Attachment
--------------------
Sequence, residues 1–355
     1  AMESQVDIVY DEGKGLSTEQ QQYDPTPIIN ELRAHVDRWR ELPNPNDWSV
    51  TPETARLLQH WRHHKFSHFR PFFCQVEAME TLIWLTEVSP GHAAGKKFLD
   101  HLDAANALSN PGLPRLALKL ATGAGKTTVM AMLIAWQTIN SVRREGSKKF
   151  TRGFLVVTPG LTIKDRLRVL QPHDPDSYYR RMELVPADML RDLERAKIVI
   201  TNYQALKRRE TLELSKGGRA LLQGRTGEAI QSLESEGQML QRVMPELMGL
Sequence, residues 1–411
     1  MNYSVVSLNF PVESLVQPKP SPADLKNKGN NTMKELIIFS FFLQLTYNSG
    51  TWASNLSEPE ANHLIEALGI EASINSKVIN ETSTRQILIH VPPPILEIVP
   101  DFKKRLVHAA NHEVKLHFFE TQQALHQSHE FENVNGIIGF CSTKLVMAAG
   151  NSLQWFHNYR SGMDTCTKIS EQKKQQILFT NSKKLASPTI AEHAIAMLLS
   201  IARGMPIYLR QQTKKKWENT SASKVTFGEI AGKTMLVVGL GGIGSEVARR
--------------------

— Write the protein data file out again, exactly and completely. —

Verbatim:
Sequence, residues 1–355
     1  AMESQVDIVY DEGKGLSTEQ QQYDPTPIIN ELRAHVDRWR ELPNPNDWSV
    51  TPETARLLQH WRHHKFSHFR PFFCQVEAME TLIWLTEVSP GHAAGKKFLD
   101  HLDAANALSN PGLPRLALKL ATGAGKTTVM AMLIAWQTIN SVRREGSKKF
   151  TRGFLVVTPG LTIKDRLRVL QPHDPDSYYR RMELVPADML RDLERAKIVI
   201  TNYQALKRRE TLELSKGGRA LLQGRTGEAI QSLESEGQML QRVMPELMGL
Sequence, residues 1–411
     1  MNYSVVSLNF PVESLVQPKP SPADLKNKGN NTMKELIIFS FFLQLTYNSG
    51  TWASNLSEPE ANHLIEALGI EASINSKVIN ETSTRQILIH VPPPILEIVP
   101  DFKKRLVHAA NHEVKLHFFE TQQALHQSHE FENVNGIIGF CSTKLVMAAG
   151  NSLQWFHNYR SGMDTCTKIS EQKKQQILFT NSKKLASPTI AEHAIAMLLS
   201  IARGMPIYLR QQTKKKWENT SASKVTFGEI AGKTMLVVGL GGIGSEVARR